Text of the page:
As a general rule, social events involve more weekends and holidays than corporate events do. Some areas of the country and some types of events have "on" and "off" seasons. However, no matter what your specialization (with the exception of parties for young children), you can count on working at least some evenings as you coordinate and supervise events. The planning of those events, however, will be done mostly during business hours.
Here are the main tasks you'll be completing as an event planner:
- Research. The best way to reduce risk (whatever the kind) is to do your homework. For large events, research may mean making sure there's a demand for the event by conducting surveys, interviews or focus group research. If you're new to the event planning industry, research may instead mean finding out all you can about vendors and suppliers. Research also may mean talking to other planners who have produced events similar to the one on which you're working. Or you may find yourself reading up on issues of custom and etiquette, especially if you're unfamiliar with a particular type of event.
Whatever kind of event you're planning, research should include asking your client a lot of questions and writing down the answers. Interviewing a client may not be what you immediately think of as research. However, asking too few questions, or not listening adequately to a client's answers, can compromise the success of the event you plan.
- Design. Your creativity comes most into play in the design phase of event planning, during which you sketch out the overall "feel" and "look" of the event. This is the time to brainstorm, either by yourself or with your employees. It's also the time to pull out and look through your idea file. (You do have one, don't you? If not, read on and take notes.) Don't forget to consult your notebook for the client's answers to the questions you asked in the research phase. These responses, especially the one regarding the event budget, will help you thoroughly check each idea for feasibility, preferably before suggesting it to the client.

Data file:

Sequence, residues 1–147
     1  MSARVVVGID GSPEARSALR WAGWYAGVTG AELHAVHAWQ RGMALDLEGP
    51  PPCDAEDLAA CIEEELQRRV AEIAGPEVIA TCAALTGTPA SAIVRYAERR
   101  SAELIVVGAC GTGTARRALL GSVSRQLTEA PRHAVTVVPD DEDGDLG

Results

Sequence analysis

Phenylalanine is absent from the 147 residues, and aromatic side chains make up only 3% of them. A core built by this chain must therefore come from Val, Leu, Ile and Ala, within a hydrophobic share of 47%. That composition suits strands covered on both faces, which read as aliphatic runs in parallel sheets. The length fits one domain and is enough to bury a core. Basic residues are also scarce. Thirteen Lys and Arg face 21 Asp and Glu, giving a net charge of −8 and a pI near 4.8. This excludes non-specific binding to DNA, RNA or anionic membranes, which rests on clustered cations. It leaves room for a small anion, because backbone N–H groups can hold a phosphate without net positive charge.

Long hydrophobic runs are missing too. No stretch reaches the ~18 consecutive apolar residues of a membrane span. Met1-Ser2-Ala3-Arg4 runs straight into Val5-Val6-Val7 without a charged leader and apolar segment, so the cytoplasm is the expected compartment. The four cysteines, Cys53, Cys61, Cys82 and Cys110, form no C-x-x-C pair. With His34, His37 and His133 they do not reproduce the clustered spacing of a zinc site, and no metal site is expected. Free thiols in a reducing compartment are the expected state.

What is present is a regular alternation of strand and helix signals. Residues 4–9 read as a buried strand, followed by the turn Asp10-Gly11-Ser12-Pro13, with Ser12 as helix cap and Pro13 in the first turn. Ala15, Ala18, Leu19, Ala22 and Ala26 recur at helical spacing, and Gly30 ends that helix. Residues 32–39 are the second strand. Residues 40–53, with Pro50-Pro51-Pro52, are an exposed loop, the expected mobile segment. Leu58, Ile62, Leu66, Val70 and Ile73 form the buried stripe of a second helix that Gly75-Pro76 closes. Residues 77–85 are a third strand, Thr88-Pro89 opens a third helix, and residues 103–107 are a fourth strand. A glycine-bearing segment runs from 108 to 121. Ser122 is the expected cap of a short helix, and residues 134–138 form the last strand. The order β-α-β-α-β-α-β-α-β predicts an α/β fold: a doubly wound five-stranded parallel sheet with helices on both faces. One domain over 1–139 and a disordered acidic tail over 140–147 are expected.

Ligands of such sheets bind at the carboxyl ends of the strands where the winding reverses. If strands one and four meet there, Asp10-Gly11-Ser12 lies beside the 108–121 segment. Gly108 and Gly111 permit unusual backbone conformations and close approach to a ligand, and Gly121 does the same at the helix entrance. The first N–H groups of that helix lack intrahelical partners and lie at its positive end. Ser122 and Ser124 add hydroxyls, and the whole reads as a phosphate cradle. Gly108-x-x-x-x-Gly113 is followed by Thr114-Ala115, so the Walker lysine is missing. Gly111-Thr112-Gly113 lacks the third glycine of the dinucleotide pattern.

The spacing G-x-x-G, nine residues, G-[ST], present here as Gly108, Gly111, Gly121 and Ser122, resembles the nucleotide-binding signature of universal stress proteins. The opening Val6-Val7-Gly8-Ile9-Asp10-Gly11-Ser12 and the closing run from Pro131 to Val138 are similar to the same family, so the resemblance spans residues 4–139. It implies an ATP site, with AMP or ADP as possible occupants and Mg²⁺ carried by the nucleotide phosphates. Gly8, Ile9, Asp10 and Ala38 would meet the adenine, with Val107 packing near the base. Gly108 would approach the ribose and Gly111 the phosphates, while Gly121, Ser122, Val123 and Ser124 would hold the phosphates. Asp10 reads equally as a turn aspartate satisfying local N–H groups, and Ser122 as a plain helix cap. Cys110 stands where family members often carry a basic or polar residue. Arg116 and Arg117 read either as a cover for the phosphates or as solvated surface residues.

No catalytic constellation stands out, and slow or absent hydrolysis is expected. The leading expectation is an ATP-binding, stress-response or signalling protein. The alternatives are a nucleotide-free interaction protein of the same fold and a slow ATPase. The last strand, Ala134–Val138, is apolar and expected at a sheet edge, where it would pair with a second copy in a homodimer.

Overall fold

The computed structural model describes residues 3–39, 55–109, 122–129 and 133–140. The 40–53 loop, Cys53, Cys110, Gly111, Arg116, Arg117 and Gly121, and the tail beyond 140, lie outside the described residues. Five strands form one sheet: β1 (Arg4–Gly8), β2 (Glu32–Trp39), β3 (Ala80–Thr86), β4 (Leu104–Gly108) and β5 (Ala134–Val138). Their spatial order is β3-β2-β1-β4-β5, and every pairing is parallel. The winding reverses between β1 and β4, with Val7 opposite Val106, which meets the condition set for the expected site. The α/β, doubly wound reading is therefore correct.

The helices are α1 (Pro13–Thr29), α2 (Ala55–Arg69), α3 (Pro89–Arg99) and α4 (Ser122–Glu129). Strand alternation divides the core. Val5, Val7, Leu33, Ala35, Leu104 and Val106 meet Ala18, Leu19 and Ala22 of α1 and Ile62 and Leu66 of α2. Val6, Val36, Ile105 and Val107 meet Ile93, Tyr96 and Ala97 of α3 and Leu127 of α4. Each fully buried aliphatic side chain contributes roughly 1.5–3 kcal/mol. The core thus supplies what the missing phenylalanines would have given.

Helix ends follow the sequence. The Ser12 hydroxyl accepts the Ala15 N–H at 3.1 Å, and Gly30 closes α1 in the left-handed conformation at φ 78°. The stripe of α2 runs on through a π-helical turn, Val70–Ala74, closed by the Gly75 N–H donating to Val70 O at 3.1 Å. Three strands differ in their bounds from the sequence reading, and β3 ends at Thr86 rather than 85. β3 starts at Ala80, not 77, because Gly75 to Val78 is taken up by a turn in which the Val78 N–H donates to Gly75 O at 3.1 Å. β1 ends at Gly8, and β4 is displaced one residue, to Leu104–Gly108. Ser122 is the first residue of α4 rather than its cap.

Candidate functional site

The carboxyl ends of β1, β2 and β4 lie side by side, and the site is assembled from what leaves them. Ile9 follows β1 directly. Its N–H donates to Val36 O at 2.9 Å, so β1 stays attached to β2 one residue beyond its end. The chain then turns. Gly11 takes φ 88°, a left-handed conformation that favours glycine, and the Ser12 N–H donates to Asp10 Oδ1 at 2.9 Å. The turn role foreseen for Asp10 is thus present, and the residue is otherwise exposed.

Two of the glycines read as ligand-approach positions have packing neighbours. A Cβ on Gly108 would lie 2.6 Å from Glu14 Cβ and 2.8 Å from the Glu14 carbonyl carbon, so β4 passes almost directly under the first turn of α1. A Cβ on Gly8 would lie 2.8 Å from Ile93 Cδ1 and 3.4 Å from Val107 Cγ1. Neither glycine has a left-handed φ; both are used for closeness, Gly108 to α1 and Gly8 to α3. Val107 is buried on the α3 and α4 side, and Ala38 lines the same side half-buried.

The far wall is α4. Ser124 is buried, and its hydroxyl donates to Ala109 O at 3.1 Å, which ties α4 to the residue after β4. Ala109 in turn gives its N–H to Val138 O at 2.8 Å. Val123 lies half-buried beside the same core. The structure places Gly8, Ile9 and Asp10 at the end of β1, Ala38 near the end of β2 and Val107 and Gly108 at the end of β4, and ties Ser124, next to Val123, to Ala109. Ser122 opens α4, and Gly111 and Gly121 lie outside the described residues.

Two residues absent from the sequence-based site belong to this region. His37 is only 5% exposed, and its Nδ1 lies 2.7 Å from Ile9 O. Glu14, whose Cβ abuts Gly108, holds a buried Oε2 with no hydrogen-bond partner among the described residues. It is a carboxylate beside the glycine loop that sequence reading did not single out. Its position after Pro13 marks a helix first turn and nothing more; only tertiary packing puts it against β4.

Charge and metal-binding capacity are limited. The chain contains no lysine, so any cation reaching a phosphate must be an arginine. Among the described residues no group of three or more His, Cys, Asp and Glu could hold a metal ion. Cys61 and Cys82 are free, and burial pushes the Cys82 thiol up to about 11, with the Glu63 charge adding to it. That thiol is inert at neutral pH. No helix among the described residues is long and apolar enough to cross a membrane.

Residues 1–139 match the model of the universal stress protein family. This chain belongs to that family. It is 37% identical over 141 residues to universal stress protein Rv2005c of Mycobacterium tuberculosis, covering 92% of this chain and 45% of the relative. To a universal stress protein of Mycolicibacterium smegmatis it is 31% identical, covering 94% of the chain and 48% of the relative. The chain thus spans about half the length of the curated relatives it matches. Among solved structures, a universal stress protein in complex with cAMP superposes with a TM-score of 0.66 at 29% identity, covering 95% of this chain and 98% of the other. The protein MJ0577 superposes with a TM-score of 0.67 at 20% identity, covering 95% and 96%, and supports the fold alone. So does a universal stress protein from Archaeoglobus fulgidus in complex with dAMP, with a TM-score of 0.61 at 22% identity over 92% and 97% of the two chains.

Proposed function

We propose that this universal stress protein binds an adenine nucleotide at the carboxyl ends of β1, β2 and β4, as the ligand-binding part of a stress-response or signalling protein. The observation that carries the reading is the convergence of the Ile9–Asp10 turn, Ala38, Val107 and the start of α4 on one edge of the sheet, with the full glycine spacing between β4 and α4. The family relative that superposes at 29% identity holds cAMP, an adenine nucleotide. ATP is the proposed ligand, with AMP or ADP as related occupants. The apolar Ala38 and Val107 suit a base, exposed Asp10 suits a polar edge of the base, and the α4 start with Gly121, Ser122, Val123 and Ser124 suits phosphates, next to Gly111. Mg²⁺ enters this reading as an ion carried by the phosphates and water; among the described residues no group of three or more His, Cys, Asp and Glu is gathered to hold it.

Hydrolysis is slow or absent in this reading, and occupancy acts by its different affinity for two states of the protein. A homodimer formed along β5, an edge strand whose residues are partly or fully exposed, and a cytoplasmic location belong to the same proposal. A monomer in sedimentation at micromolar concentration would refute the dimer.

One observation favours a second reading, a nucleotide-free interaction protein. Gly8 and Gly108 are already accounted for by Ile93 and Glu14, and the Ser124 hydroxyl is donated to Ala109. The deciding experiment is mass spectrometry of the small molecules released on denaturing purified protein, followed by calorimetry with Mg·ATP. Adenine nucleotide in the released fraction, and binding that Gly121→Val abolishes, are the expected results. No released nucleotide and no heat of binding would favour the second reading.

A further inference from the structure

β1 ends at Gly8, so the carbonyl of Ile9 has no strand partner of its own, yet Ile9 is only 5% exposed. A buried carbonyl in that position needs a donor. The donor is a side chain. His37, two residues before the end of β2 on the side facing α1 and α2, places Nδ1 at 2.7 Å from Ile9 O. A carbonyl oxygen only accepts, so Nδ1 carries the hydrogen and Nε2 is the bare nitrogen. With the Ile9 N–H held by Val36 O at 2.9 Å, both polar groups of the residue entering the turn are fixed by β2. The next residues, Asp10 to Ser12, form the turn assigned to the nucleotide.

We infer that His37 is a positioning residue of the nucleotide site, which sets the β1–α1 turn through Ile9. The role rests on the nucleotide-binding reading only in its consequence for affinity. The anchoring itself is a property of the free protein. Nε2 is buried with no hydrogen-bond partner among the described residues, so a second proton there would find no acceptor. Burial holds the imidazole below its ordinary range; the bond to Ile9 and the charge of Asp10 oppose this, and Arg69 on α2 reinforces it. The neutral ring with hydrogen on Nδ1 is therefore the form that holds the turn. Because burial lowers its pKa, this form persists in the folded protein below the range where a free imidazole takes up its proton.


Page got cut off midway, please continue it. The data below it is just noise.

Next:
- Proposal. Once you've interviewed the client and done some preliminary brainstorming, you should have enough information to prepare a proposal. Be aware that the production of a proposal is time-consuming and potentially expensive, especially if you include photographs or sketches. Note that only the larger companies producing high-end events can afford to provide clients with free proposals. You should receive a consultation fee (she suggests about $150), which can be applied toward a client's event if he or she hires you.
- Organization. During this decision-intensive phase, you'll rent the site, hire vendors and take care of more details than you might believe possible. You'll be on the phone until your ear is numb. But before you do any of this, make sure you have a contact person (either the client or someone acting on the client's behalf) with whom you'll discuss all major decisions. Having a designated individual helps ensure that communication lines are kept open. Also, social events in particular sometimes suffer from the "too many cooks" syndrome. Having one designated contact helps you avoid being caught in the middle of disagreements between event participants.
Generally speaking, the bigger the event, the more lead time that's required to plan it. Major conventions are planned years in advance. Although you may not be arranging events on such a grand scale, you do need to allow at least a few months for events like corporate picnics, reunions or large parties.